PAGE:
And, again, a big thank-you to those who made a pledge or donation to the Annual Catholic Appeal. A few mentioned to me that their names were not on the list. I ask your patience and understanding. Some have been kind enough to fill out another pledge envelope. Don’t worry: If the misplaced envelope turns up, we will not charge you double! I will try to print one more list of those who made a pledge (including those who simply offered prayers) just to make sure we received all the pledges. Of course, it is not too late to send in a pledge envelope or drop it by the office. I am very happy that Holy Family Parish showed a significant increase in the number of pledges this year. Thank you.
Also, I thank you who picked up a parish return envelope to use when away this summer. Our major parish expense is for salaries and that continues the same even during summertime.
Finally, I am happy to announce that Archbishop Brunett will be visiting Holy Family Parish toward the end of this month. On June 26, at 7 p.m., we will host a Mass in honor of St. Josemaria Escrivá. All are welcome to attend. More next week.
En la reunión anual de sacerdotes en Ocean Shores, el Obispo Eusebio Elizondo dio una presentacion sobre el Plan Pastoral Para el Ministerio Hispano. Mencionó de haber hablado con un hombre que, unos dias antes de la proclamacion del Plan Pastoral, había recibido su “tarjeta verde.” Con mucha emoción le contó al Obispo y le dijo que el Plan Pastoral habia sido algo semejante: su tarjeta verde para la Iglesia. El titulo del Plan es “De Huespedes a Anfitriones.” Vamos a estudiarlo como equipo parroquial y con los líderes de la comunidad. Tengo una cantidad limitada de los documentos en la oficina.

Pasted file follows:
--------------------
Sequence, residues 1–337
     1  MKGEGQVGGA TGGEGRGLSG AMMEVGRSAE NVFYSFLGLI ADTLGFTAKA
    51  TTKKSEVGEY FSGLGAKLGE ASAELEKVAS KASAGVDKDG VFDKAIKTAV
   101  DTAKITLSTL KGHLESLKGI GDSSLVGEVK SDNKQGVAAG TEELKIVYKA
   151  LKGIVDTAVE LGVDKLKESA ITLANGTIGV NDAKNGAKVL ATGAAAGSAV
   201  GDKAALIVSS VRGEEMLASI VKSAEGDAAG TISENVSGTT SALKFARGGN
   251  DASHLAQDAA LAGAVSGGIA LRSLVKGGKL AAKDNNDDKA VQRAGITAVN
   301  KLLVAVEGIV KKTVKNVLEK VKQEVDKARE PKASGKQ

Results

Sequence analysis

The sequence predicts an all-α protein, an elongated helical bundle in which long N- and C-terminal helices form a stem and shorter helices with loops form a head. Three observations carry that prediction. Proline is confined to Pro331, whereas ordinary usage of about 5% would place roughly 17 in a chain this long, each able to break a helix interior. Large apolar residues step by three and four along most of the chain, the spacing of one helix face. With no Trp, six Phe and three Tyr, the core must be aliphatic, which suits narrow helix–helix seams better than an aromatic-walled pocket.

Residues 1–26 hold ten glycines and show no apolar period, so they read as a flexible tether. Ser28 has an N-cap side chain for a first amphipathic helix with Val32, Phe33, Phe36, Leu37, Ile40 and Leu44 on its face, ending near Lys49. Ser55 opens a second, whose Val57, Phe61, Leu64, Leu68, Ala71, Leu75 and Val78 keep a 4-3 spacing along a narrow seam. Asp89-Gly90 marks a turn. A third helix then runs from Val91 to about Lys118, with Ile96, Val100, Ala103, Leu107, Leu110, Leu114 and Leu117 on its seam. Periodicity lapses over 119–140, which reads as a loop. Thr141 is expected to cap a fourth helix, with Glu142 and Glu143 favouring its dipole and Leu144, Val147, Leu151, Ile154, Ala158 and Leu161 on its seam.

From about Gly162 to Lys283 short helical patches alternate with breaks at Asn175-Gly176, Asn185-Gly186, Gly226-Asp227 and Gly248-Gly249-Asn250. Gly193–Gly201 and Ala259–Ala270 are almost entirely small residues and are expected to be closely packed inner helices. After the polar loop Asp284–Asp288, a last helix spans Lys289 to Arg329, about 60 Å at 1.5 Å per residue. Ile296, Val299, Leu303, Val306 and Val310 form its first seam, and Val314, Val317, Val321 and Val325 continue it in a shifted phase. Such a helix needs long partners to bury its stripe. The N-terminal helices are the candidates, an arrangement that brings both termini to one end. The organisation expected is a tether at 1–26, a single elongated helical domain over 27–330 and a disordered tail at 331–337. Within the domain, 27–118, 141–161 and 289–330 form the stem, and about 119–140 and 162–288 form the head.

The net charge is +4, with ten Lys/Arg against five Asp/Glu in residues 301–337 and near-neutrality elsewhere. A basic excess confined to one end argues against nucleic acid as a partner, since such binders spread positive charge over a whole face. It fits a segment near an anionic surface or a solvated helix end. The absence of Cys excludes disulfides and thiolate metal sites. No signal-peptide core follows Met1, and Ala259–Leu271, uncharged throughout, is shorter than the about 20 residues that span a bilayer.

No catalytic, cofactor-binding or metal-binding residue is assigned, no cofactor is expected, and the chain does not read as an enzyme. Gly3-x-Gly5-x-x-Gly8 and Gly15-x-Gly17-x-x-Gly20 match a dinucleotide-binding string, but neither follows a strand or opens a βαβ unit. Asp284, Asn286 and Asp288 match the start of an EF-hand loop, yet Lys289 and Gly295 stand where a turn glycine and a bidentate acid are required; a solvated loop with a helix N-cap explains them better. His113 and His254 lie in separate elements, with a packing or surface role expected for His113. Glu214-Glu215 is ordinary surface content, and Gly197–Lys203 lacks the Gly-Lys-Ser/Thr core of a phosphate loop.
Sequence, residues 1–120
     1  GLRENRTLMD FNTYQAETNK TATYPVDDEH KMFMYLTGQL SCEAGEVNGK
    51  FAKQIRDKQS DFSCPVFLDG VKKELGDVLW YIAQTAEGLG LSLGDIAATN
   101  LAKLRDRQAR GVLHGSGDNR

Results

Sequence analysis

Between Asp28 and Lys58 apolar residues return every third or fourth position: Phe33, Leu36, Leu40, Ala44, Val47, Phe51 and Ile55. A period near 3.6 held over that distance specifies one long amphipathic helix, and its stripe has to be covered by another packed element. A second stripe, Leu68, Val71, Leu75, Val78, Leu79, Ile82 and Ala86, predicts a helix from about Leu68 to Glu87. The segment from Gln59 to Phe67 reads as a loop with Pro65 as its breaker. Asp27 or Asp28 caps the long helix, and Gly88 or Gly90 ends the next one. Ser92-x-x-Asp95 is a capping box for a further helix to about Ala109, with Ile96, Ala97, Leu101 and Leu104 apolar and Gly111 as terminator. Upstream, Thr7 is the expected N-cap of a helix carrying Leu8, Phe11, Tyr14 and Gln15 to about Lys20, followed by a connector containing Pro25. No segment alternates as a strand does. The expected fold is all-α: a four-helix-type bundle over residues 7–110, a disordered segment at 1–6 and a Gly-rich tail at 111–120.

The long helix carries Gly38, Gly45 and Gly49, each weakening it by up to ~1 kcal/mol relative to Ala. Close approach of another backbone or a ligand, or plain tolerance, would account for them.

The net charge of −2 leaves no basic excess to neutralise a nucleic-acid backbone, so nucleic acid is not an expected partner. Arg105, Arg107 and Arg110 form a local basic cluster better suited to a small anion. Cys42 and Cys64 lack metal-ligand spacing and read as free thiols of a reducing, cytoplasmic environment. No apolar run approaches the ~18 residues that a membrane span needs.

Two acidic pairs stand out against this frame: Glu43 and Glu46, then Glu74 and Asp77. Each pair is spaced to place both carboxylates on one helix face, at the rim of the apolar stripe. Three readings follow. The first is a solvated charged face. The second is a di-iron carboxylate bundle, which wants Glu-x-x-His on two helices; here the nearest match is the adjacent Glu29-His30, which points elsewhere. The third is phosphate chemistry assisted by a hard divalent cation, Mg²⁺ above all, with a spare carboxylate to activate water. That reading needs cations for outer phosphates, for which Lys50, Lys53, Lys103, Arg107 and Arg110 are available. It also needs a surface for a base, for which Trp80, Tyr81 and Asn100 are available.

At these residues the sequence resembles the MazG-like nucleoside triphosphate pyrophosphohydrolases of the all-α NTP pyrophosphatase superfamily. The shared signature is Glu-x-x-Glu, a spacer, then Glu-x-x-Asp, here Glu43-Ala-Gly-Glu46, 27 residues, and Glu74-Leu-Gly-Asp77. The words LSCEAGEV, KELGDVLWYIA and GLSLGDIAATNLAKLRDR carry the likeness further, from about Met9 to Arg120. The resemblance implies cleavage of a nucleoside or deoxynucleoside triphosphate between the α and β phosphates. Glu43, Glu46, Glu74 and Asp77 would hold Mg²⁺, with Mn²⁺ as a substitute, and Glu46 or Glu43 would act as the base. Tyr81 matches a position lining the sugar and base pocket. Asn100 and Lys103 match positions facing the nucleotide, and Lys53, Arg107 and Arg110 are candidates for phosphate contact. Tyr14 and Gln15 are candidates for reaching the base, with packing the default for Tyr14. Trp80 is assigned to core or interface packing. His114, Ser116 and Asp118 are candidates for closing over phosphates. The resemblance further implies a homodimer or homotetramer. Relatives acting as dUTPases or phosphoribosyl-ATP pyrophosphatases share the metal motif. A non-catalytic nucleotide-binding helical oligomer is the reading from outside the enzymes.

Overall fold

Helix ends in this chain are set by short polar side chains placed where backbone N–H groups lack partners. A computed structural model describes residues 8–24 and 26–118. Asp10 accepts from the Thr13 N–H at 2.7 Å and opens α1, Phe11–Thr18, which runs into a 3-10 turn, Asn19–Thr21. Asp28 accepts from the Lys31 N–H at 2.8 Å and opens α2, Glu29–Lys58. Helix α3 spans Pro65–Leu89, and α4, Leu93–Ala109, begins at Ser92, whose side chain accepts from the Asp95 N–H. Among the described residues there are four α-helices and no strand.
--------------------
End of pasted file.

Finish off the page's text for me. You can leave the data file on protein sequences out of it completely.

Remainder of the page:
Nuestra participación en la Iglesia tiene esta meta: la participación plena en la vida vida de la Comunión de los Santos. Las lecturas de este domingo hablan de nuestra inserción en la vida de Dios por medio del perdón de los pecados. El Rey David había cometido unos pecados muy serios: adulterio con una mujer llamada Betsabé y luego ordenó la matanza de su esposo. David pensaba que todo estaba bien. El profeta Natán le dijo a David que, a pesar de ser rey, no podía escapar el juicio de Dios. David tenía que aceptar las consecuencias de sus pecados y el castigo fue horrible. Pero eso no es el punto principal. Todos tenemos que vivir con las consecuencias de nuestros malos hechos. Sin embargo, David recibió una palabra adicional. Natán le dijo: "El Señor te perdona tu pecado. No morirás." ¡Que palabras más bellas!
El Salmo de hoy - atribuido al Rey David - expresa la alegría de ser perdonado: "Dichoso el que está absuelto de su culpa, a quien le han sepultado su pecado...Alégrense, justos, y gocen con el Señor." Tu y yo estamos incluidos entre los "justos." No porque somos perfectos, no porque no hemos pecado. No, estamos contados entre los justos a causa de lo que Jesús ha hecho por nosotros. Eso es lo que dice el evangelio de hoy. Jesús en su persona es el perdón de Dios. Hoy escuchamos de la mujer que bañó los pies de Jesús con sus lágrimas de remordimiento. Esto perturbó a los otros. La vieron como una que destuye hogares y corrumpe a los jóvenes. Jesús no minimizó a sus pecados - "que son muchos." Pero la perdonó. "Tus pecados te han quedado perdonados." Quiere decir las mismas palabras a nosotros. Si hacemos la oración sencilla, "Dios, perdóname," recibiremos una respuesta. A pesar de estar lejos de ser justos, Jesús nos hace justo. Naturalmente ese perdón implica un proceso de contrición, satisfacción y absolución sacramental. Pero como el Rey David, como la mujer arrepentida, podemos conocer la alegría incomparable de perdón divino: "Dichoso el que está absuelto de su culpa, a quien le han sepultado su pecado...Alégrense, justos, y gocen con el Señor."
Anti-Catholic Stereotyping in Seattle
Anti-Catholicism at Ashland Festival
Homily on Anti-Catholicism in the Northwest
I Have Come For Division
Stem Cell Research: Teaching of Bible & Catholic Church
He Approached the Victim: "It's much more likely one of your relatives will lose his life by surgical abortion than by heart attack."